Updated December 11, 2021 - 10:00 am
The theory gaming industry analysts hypothesized months ago appears to be holding true: Companies operating on the Strip are struggling more than their regional counterparts.
Third-quarter earnings reports wrapped up late last month and the numbers show there’s still a way to go before we can say the pandemic is behind us, even as Nevada continues to break records for monthly gaming win.
Of the 23 publicly traded companies within the Review-Journal’s orbit of gaming and tourism-related business coverage — casino companies, airlines, real estate investment trusts and tourism-related operations — six showed net losses for the quarter.
All of the results are explainable but also provide some intrigue as to what’s going to happen in the fourth quarter, especially with a parade of resort ownership changes on the horizon.
Fresh news came two weeks ago when the Nevada Gaming Control Board reported another billion-dollar-plus month of gaming win in October. That’s eight straight months. The state’s casinos are on a revenue roll.
This month, the Control Board recommended approval of a licensing application by the San Manuel Band of Mission Indians to acquire the Palms from Red Rock Resorts for $650 million.
Still, some companies continue to struggle 1½ years since casinos were shut down for 78 days in March 2020. Companies showing third-quarter losses were Las Vegas Sands Corp., Wynn Resorts Ltd., Caesars Entertainment Inc. and Bally’s Corp., which plans to manage the Tropicana.
Two others with net losses were equipment manufacturer PlayAGS and MSG Entertainment Inc., which technically reported its first-quarter 2022 earnings. MSG is heavily involved in the Las Vegas entertainment scene as the owner of the Tao and Hakkasan nightclubs and is building the $1.9 billion MSG Sphere at The Venetian.
Some of the common denominators of those companies are that three of them have Strip assets (Sands, Wynn and Caesars), two have operations in Macao (Sands and Wynn), and two are diversified as regional operators across the country (Bally’s and Caesars).
Brendan Bussmann, director of government affairs for Las Vegas-based Global Market Advisors, said casino and tourism companies are going to have to watch out for economic problems affecting other industries.
“While we have seen record gaming win over the last several months, some of the current trends in other industries are cautionary wins for what may be on the horizon,” Bussmann said. “With inflation, supply chain issues, workforce issues, rising fuel costs and general confidence in the economy foundering, this may delay our recovery as this cuts into discretionary spending.”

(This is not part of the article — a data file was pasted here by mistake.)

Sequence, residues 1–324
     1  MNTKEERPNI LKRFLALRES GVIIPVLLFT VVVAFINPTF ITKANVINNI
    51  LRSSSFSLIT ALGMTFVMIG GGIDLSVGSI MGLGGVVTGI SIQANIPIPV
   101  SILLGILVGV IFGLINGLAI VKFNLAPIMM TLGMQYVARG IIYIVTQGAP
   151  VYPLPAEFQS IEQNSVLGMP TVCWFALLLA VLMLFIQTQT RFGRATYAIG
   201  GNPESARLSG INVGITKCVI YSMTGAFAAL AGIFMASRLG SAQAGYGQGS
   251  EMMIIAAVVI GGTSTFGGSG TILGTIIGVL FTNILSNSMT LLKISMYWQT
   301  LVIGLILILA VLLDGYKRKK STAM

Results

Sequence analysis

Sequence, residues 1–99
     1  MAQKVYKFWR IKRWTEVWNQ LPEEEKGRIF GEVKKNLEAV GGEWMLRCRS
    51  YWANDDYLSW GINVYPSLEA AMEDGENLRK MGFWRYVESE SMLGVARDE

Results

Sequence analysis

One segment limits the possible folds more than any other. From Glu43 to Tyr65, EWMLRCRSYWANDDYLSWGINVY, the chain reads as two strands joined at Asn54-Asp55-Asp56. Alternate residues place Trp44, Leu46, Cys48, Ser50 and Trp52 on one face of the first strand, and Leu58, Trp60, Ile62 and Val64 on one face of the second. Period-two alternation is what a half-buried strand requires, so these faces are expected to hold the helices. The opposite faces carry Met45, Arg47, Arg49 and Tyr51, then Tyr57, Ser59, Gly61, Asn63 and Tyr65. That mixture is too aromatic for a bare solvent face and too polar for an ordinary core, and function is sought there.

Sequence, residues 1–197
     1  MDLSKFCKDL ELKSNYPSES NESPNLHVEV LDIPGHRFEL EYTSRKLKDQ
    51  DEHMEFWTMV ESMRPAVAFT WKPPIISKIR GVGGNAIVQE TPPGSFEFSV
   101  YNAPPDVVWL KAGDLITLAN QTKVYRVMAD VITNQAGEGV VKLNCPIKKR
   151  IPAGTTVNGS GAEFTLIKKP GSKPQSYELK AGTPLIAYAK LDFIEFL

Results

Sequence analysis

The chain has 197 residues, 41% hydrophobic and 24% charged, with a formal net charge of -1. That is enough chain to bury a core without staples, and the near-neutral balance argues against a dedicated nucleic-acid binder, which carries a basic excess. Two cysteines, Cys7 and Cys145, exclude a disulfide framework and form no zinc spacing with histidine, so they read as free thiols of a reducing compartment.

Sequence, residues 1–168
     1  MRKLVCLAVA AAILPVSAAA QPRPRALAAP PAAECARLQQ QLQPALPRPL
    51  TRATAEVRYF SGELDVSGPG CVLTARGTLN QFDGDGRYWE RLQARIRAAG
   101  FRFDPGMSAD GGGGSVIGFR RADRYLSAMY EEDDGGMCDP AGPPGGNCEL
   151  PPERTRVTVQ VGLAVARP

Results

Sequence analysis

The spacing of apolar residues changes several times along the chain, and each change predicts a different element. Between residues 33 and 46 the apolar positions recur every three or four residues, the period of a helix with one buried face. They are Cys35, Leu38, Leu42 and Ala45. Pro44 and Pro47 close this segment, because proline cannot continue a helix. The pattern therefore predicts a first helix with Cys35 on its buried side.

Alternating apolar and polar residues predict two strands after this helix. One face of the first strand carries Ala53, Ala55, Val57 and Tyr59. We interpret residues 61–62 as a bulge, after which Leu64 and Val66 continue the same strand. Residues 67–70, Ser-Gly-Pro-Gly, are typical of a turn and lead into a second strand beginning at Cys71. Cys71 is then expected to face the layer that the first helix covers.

For months, analysts have told us the Strip probably would be one of the last areas to recover from the pandemic and the regional companies would flourish.
Locally, Red Rock Resorts, operators of Station Casinos, and Boyd Gaming Corp., a downtown Las Vegas-locals-regional gaming hybrid, both show strong balance sheets and had good quarters.
Two publicly traded airlines with heavy interest in Las Vegas, Southwest Airlines and Allegiant Travel Co., are on the mend. Southwest will be going through a CEO transition in the first quarter when Gary Kelly retires and Bob Jordan takes the helm. Jordan is quite familiar with the Las Vegas aviation landscape.
MGM, owner of several Strip resorts, doesn’t have as much exposure in Macao because it is in a partnership there and the company also is geographically diverse.
The limited exposure in Macao, the strategy of selling resort real estate to REITs and the diversity of having properties in Michigan, Maryland, Mississippi and Massachusetts, have favored MGM, which reported net income of $1.34 billion for the quarter.
“Macao will continue to be an open issue for those companies that have exposure,” Bussmann said. “This is a market that was the first to dive into the Great Shutdown and will likely be one of the last out. The zero-tolerance policy has slowed the recovery that in turn has slowed these companies’ ability to bounce back quickly.”
That’s particularly relevant for Sands, which plans to sell its Las Vegas assets to Apollo Global Management Inc. and Vici Properties Inc. so that it can focus on its projects in Macao and Singapore where it is a market leader.
Macao, one of the first gaming markets to be affected by the pandemic, has struggled since 2019 and only this year has begun to rebound. But it hasn’t come back to the extent of its glory days a decade ago when casinos were making $4.5 billion a month. Some of Macao’s woes can be attributed to border closures ordered by the government and political tension in nearby Hong Kong.
“While we continue to show the Strip returning, it will be slower out of the gate than locals and smaller regional operators,” Bussmann said. “With the exposure (or lack thereof) of international guests and the return of (meetings, incentives, conferences and exhibitions) customers, these larger companies are going to take a little bit more to get back to normal. The leisure customer has been key in a more than meaningful way, but these other two segments are essential to long-term recovery because of the diversity of these operations.”
The Review-Journal is owned by the family of Dr. Miriam Adelson, the majority shareholder of Las Vegas Sands Corp.
This story has been updated to include revenues from Macao and additional reporting.